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Students will demonstrate skills of enquiry, critical thinking, decision-making and analysis. Students will acquire knowledge and understanding of a range of important media issues. Students will develop appreciation and critical understanding of the media and their role both historically and currently in society, culture and politics. Students will understand and apply specialist subject-specific terminology to analyse and compare media products and the contexts in which they are produced and consumed in order to make informed arguments, reach substantiated judgements and draw conclusions about media issues. Students will appreciate how theoretical understanding supports practice and practice support theoretical understanding. Students will develop practical skills by providing opportunities for creative media production.
The WJEC Eduqas qualification is designed to introduce learners to the key areas of the theoretical framework for studying media – media language, representation, media industries and audiences – in relation to diverse examples from a wide range of media forms: advertising and marketing, film, magazines, music video, newspapers, online media, radio, television and video games.
Through this study, learners gain an understanding of the foundations of the subject, enabling them to question and explore aspects of the media that may seem familiar and straightforward from their existing experience in a critical way. This extends learners' engagement with the media to the less familiar, including products from different historical periods or those aimed at different audiences, providing rich and challenging opportunities for interpretation and analysis. The study of relevant social, cultural, political and historical contexts further enhances and deepens learners' understanding of the media, as they explore key influences on the products studied.
This qualification recognises the cross-media, multi-platform nature of the contemporary media and the centrality of online and social media platforms in distributing, accessing and participating in the media. In some instances, specific forms are highlighted for detailed study, but this is in the context of their relationships to other media forms and platforms, recognising the fluidity of these and emerging, contemporary developments in the digital landscape.
Learning about the media involves both exploring and making media products and these two activities are fundamentally related in the specification. Learners create a media production for an intended audience, applying and developing their knowledge and understanding of media language and representation in response to a choice of briefs set by WJEC. This selection of forms allows learners to pursue their own media interests and develop their practical skills in this component.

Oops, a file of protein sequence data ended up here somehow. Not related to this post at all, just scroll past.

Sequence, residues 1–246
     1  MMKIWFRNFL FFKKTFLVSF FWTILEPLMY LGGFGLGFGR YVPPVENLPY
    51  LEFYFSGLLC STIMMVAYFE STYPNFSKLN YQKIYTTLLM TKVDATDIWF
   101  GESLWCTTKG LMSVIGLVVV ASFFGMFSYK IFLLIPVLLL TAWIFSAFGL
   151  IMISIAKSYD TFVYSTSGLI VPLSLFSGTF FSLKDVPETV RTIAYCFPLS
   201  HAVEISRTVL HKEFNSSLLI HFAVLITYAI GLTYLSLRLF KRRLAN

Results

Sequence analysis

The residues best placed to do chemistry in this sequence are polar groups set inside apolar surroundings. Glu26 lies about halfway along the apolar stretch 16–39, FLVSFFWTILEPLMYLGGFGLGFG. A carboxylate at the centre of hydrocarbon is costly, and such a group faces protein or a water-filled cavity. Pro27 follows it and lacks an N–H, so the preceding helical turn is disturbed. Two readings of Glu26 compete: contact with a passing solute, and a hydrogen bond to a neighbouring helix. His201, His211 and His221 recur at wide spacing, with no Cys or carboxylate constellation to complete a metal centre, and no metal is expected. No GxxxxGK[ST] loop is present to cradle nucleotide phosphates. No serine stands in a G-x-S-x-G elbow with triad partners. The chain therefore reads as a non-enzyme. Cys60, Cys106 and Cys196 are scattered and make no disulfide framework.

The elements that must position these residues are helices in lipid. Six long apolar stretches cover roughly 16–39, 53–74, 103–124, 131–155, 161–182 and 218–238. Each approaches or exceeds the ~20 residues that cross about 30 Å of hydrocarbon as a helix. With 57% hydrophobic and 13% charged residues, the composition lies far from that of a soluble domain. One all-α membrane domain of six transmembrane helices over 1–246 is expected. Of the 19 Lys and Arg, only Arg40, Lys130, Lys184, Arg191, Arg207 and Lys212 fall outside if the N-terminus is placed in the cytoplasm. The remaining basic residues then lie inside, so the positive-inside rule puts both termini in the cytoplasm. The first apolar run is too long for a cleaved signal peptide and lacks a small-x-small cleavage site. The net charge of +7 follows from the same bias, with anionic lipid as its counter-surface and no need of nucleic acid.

Analysis of the way in which products use media language to create meaning will be practised throughout the course as students develop an ‘analytical toolkit’ through the study of different media texts. Our students will develop their analytical skills throughout the course of study and they will benefit from undertaking regular analysis of different media texts. Our students will approach these forms and products holistically and synthesise their analysis with consideration of a variety of theoretical perspectives. Each set product will be introduced and placed in context, and our students will become familiar with the codes and conventions of the form and of the specific genres/types of product being studied.
Our students first study media texts to analyse factors such as genre/style, narrative/structure/design, messages/values/ideologies etc. Once they have an overview of a product they can focus on specific extracts for more detailed analysis of media language and representations. Relevant contexts will be considered in relation to media language and representations, and the appropriate theories will also be explored and evaluated. Once our students have a detailed understanding of the differing media products and the theoretical perspectives, they will then be explored in more detail including in relation to differing contexts (political, social, cultural and historical). Application of media theories will also be implemented. Theories of audience, genre, representation and industry will be taught throughout the course.
Studying the media equips students with a range of transferable skills. Without a doubt, the role of the media will not decline and all industries require a public or media profile; the knowledge gained through studying the media will be beneficial in the future - opening up an expanse of local, national and global employment possibilities. Students go on to study Media at KS5 and continue to study it at university; many then achieve employment within the creative industries. Increasingly we are seeing students who are equipped with the necessary skills, enthusiasm and confidence to apply for highly competitive industry apprenticeships and internships.
We use the following to judge the impact:
- Achievement – NEA moderation, external examinations and moderation outcomes. Progress towards this is tracked in terms of achievement and progress.
- Recruitment and retention – the number of students who we enrol, remain on the course for its duration and are assessed at the end. This is tracked through Bromcom MIS.
- Destinations – Students choosing to continue onto Media related courses at Sixth Form. Reporting and Feedback – the regularity and quality of the feedback students receive and how it is acted upon. Possible Federation-level moderation/standardisation.